The History Of Sewing Machines

History Of Sewing MachinesFrom Hand Needles To Computerized Sewing Machines:

In this modern day of computers and technology, there are many devices taken for granted that are filled with rich history on how they came to be. Sewing machines for instance, have reached a point where they are computerized and can run with just a few simple programming techniques, having LCD screens built right into the machine.

Believe it or not, sewing has been around for more than 20,000 years. In it’s beginnings, thread was made from animal sinew and needles from the bones or horns from animals to sew animal hides and leather for clothing and shelter. It wasn’t until the 14th century that needles began being made of steel and by the 15th century the needles were eyed.

Humble Beginnings Of The Modern Sewing Machine

A German man named Charles Weisenthal was issued a British Patent in 1755 for a needle that was made for a machine, but could not produce the machine. Therefore, the patent only covered the needle itself and not the machine.

It was as far back as 1790 that Thomas Saint, an Englishman who was an inventor and a cabinet maker, grabbed the patent for the first complete sewing machine. But there was speculation that Saint never actually built a prototype for his invention. He had produced a diagram of a machine that poked a hole through leather and then passed a needle through the hole. A reproduction was later built based on Saint’s design but it didn’t work.

There was a multitude of men who continued to work on a machine that could sew material, but many failed. The first Americans to patent a sewing machine were John Adams Doge and John Knowles, but they could not produce a machine that would continue sewing without malfunctioning.

French Tailor, Barthelemy Thimonnier, invented the first functional sewing machine in 1830. The machine used only a single thread and a hooked needle, resembling the needle and the stitching process of embroidery. Thimonnier was nearly killed when a riot broke out amongst a group of French Tailors who felt his new invention would become a major source of unemployment, so they burnt down his garment factory.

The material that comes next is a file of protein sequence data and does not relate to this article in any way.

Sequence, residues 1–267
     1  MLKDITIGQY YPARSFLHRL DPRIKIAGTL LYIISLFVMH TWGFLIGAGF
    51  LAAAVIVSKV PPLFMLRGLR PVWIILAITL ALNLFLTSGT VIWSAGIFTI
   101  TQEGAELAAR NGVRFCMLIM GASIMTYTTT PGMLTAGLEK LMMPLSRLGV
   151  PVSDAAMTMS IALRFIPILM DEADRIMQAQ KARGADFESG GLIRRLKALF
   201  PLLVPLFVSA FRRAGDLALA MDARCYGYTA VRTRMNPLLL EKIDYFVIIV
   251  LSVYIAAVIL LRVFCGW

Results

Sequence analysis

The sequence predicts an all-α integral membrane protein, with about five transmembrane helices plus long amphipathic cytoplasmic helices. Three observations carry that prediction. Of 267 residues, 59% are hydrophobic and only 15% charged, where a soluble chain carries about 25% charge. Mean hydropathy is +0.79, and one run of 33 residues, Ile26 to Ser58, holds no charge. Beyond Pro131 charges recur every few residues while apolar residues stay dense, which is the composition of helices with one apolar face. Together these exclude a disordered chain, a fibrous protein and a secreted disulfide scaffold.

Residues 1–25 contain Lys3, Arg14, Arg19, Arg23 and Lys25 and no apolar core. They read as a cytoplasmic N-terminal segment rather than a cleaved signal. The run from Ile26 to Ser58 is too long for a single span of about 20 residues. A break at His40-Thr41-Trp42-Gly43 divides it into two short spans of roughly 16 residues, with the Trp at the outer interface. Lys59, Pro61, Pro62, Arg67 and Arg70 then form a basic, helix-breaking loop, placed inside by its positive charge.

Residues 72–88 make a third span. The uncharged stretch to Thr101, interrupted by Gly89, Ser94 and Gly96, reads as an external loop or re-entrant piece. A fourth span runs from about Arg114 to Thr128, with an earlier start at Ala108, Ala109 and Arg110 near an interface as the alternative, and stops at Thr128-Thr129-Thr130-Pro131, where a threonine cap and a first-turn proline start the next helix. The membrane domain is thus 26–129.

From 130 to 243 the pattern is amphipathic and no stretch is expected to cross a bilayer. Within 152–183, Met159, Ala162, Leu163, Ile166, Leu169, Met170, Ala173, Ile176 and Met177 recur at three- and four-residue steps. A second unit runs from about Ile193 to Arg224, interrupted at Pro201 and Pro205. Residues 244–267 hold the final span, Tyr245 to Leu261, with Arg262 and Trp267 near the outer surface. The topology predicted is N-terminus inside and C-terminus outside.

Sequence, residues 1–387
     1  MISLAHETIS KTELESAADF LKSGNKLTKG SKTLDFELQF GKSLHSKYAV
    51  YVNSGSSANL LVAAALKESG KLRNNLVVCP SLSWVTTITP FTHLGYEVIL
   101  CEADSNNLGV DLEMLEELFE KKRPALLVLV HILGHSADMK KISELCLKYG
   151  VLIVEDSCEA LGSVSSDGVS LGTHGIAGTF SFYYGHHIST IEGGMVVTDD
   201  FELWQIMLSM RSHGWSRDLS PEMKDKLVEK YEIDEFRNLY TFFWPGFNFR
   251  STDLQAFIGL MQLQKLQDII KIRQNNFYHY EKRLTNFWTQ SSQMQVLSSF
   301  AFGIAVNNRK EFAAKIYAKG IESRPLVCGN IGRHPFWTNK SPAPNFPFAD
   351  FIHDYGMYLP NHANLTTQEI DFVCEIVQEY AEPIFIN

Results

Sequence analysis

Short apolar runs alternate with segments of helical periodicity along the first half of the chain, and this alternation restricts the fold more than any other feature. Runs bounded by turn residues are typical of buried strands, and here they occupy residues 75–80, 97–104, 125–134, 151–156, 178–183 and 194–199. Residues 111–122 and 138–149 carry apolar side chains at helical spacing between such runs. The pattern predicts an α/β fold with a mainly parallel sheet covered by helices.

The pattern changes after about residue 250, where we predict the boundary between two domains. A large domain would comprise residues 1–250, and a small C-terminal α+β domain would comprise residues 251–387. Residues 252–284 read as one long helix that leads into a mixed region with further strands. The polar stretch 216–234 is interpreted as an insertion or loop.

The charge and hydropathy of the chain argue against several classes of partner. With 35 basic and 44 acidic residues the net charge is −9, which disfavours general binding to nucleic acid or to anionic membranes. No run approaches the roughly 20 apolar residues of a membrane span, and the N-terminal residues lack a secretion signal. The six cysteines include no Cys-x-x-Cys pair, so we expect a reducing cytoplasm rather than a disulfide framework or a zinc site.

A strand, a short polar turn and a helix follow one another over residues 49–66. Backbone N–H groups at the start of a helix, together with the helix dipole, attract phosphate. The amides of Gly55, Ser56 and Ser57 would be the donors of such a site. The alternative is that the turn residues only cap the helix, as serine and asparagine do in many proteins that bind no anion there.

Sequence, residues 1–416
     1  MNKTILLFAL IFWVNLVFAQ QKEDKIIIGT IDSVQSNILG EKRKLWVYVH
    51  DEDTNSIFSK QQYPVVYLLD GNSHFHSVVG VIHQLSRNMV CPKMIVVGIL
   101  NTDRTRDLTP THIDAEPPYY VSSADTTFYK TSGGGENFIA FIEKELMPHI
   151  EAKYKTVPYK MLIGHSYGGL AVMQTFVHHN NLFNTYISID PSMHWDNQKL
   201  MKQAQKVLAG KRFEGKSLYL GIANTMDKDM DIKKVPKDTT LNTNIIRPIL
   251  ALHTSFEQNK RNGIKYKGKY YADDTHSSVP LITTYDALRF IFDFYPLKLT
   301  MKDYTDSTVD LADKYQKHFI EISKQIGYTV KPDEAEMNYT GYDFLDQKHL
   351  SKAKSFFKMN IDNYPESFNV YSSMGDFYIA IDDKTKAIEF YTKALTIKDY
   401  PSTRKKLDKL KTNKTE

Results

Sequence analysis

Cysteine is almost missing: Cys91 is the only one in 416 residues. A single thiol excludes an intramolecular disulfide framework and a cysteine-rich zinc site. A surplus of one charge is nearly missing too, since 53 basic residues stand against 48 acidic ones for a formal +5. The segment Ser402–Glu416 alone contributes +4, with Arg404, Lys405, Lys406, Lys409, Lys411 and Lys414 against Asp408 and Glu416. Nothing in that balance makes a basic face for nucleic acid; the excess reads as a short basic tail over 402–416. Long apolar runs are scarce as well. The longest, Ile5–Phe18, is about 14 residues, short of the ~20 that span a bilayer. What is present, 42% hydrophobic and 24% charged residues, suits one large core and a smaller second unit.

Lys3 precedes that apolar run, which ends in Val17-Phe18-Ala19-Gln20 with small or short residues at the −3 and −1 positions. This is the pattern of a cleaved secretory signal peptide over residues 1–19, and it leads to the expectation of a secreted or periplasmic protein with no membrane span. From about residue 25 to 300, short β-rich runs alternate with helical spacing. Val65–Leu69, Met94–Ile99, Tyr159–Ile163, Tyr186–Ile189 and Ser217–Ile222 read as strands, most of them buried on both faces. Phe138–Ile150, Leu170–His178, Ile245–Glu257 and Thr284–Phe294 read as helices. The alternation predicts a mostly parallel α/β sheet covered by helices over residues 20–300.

In 1846, a patent was issued to an American called Elias Howe who created a machine which had a needle with an eye at the point.The needle was pushed through the fabric, and a loop was formed on the other side. A second thread was then slipped through the loop by a shuttle on a track, making what is now called the lockstitch. Howe spent many years trying to defend his patent and keeping others from stealing his ideas, and he had fierce trouble marketing his invention.

The First Really Useful Sewing Machine

During the years that Elias Howe struggled with his patent, Isaac Singer devised the up and down motion mechanism and combined it with Howe’s lockstitch. It was in the 1850’s that Singer made the first mass produced machine. His sewing machine was the first to use the up and down motion, rather than side to side, and was controlled by a foot treadle, whereas the machines before Singer’s were all hand cranked.

The problem arose that Singer was using the same lockstitch that Elias Howe had patented and a lawsuit was brought against Singer by Howe, for patent infringement. Singer was ordered to pay Howe royalties, which made Howe a very rich man. From the royalties of his invention, Howe made more than two million dollars between the years 1854 and 1867. During the Civil War, Howe became a Private and donated some of his riches to equip an infantry regiment for the Union Army.

The first chain-stitch, single-thread sewing machine was patented by James Gibbs in 1857, with Helen Augusta Blanchard patenting the first zig zag machine in 1873. Garment factory production lines were the first to use mechanical sewing machines. The first home use sewing machines were not produced until 1849 and by 1905, the electrically-powered sewing machine was in common use.

Modern Day Sewing Machines

Project Runway Sewing MachineSewing machines enthusiasts today have an great variety of machines to choose from. Whether a person is a beginner at sewing or is a real pro, there are sewing machines available to fit everyone’s needs, be it for commercial or home use. Some of the amazing qualities of the home sewing machines available today would leave the pioneers reeling.

Take for example, the Brother Project Runway PC420 machine. Although it’s just a machine for home use, it has a medley of options to offer, that the original inventors could hardly have dreamed of, such as:

  • LED lighting of the sewing bed for better viewing
  • LCD screen
  • Drop in bobbin
  • 294 built in stitches
  • 3 font styles
  • My Custom Fit feature
  • Automatic thread trimmer
  • Advanced needle threading system
  • 6 point feed dogs

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